Over the course of two full-length albums – 2015’s widely hailed debut The Life I Remember, and 2017’s conceptual tour-de-force Evolution – Once Human have pursued a militantly individual path, eschewing contemporary cliché in favour of a versatile and sinewy new strain of brutal but accessible metal, with Lauren’s coruscating vocals providing an endlessly emotive and humane focal point.
Four years on from their last album, Once Human are primed and ready to launch a fresh assault on hearts and ears. With a line-up completed by long-time bassist Damien Rainaud, drummer Dillon Trollope and second guitarist (and now chief riff-writer) Max Karon, the band have mutated into an even more devastating beast, as demonstrated with face-ripping aplomb on new album Scar Weaver.
“It was not an easy path to reach this point, I’ll tell you that,” says Logan Mader. “The original masterplan for the band was really passion-project driven. The first two albums, we were still finding our way. Where we’re at now is with a really strong posture and by far the best album we’ve done. Over the years we’ve done a lot of groundwork and some smaller tours, just grinding things out, sometimes even in a DIY fashion. But now we have legit team around us, the band is firing on all cylinders and everything seems to be lining up this time.”
Pieced together over the last two years, Scar Weaver represents a massive step forward for Once Human. Blessed (or perhaps cursed) with plenty of additional time during the last year’s lockdown situation, the band have been able to refine and redefine their sound, inspired by a sudden creative surge from latest recruit, Max Karon. The result is an gloriously idiosyncratic modern metal record, with Lauren Hart’s career-best vocal performance just one of its dazzling revelations. With Once Human’s most intense and explosive music to work with, the singer has pushed herself to new heights, showcasing a vastly expanded vocal range in the process.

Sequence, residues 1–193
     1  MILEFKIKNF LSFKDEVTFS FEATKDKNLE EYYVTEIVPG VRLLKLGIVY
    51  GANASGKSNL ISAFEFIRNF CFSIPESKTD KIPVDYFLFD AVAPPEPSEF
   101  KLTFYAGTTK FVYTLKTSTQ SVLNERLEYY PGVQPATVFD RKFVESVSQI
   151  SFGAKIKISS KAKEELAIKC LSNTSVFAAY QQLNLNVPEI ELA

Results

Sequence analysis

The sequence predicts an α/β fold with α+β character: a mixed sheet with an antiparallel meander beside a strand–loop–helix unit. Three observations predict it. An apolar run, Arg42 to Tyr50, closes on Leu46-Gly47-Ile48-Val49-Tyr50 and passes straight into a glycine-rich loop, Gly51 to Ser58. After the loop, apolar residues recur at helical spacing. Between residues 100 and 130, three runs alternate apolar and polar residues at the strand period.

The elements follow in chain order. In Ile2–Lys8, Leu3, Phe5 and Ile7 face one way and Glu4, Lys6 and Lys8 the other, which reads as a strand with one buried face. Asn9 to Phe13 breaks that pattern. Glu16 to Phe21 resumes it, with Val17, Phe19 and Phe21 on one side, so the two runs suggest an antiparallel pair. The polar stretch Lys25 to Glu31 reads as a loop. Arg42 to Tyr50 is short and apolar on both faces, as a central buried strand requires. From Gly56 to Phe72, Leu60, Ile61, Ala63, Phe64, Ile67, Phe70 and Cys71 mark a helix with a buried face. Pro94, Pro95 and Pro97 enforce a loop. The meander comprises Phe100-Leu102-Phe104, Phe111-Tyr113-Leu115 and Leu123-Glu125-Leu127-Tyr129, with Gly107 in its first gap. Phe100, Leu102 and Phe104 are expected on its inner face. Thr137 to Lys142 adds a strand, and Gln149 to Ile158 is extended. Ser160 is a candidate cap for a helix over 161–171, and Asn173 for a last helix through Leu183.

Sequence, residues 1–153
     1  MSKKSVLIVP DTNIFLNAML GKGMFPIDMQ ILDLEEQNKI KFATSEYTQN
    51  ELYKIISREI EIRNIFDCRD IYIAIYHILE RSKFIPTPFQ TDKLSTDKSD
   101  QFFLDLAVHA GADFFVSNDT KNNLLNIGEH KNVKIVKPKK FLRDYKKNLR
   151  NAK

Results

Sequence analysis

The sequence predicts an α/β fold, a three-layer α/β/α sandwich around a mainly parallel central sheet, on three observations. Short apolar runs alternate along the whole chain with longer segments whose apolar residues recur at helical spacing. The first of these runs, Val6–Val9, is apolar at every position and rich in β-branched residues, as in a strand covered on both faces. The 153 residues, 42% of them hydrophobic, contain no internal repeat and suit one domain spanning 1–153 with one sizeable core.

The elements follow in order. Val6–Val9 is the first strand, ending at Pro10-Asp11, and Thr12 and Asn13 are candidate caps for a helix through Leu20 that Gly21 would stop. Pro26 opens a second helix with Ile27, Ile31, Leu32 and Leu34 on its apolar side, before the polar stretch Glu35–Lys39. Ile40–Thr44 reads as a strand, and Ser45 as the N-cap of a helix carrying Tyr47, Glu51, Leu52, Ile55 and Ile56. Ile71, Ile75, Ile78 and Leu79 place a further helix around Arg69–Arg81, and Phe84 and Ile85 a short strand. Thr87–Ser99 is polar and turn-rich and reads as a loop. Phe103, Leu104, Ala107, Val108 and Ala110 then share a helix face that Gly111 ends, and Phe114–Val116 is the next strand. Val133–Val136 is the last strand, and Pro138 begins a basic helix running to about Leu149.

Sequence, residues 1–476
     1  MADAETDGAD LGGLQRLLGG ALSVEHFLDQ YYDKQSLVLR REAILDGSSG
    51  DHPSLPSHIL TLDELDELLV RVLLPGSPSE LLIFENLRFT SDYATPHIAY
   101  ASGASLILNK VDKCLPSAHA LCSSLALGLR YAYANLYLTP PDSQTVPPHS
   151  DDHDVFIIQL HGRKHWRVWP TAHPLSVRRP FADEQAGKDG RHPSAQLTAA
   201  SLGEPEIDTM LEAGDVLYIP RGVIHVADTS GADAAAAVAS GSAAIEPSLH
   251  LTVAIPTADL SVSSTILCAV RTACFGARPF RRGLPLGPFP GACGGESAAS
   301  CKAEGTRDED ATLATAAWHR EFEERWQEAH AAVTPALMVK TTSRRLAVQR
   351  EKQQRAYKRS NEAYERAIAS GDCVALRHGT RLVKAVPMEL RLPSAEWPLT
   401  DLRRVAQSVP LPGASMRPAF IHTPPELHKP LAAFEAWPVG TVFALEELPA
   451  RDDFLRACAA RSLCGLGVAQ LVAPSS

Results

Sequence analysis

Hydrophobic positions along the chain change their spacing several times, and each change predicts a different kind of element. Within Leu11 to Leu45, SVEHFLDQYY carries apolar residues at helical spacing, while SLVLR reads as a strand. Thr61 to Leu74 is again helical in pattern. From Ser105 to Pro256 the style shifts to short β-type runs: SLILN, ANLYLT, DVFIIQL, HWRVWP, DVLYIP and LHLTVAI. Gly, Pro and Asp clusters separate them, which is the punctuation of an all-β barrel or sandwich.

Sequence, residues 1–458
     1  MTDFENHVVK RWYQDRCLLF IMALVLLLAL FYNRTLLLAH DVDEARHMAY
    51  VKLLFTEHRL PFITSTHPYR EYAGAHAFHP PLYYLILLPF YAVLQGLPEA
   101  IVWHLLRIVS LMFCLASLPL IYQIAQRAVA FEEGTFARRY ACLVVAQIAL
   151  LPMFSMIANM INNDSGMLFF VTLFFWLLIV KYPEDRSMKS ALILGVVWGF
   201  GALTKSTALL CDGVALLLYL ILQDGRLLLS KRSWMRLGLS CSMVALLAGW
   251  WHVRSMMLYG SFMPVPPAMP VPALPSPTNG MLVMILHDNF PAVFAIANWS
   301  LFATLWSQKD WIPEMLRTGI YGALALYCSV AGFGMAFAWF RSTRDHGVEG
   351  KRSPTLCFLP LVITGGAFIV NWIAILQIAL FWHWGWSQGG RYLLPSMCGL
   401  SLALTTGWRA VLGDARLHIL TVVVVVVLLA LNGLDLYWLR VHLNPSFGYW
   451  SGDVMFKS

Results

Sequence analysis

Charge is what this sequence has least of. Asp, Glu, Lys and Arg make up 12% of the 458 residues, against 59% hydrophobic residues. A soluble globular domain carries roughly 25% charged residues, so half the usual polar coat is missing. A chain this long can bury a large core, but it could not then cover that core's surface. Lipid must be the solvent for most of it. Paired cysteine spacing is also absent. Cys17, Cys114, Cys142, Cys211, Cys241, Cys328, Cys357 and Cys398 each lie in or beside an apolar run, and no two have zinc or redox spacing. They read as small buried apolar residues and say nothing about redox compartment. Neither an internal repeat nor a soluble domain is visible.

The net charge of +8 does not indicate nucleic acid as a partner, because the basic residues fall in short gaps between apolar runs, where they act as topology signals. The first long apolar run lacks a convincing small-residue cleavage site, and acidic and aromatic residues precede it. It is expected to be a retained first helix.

“I always had a tremendous amount of belief in Lauren’s ability to be a legit frontwoman, but when this began she was new, and so there was a lot of development to happen over time,” says Logan. “She’s really blossomed. She’s grown a lot as a vocalist, a performer and a lyricist through all of this.”
“Vocally, I’ve changed a lot since the last record,” Lauren notes. “My screams got lower and the cleans became stronger. I’ve become much more comfortable with clean singing through touring with (US power metal legends) Kamelot, because they really pushed me to do that. I’ve learned a lot about my voice since then. But a lot of this starts with Max’s melodies, and sometimes I felt like it would be cheating to just growl over these amazing pieces of music, and it’d be so much better to do something that complements it. So sometimes the growls have melody too!”
As its title suggests, Scar Weaver is an album that brims and bulges with notions of pain, trauma and darkness. Lauren has once again penned a stunning collection of emotionally raw diatribes, but in contrast to Evolution’s overriding concept, the new record takes a more scattershot approach, reflecting the chaos of the modern world along the way. From visceral opener “Eidolon” to the corrosive claustrophobia of the closing “Only In Death,” all human life is alive and screaming on Scar Weaver.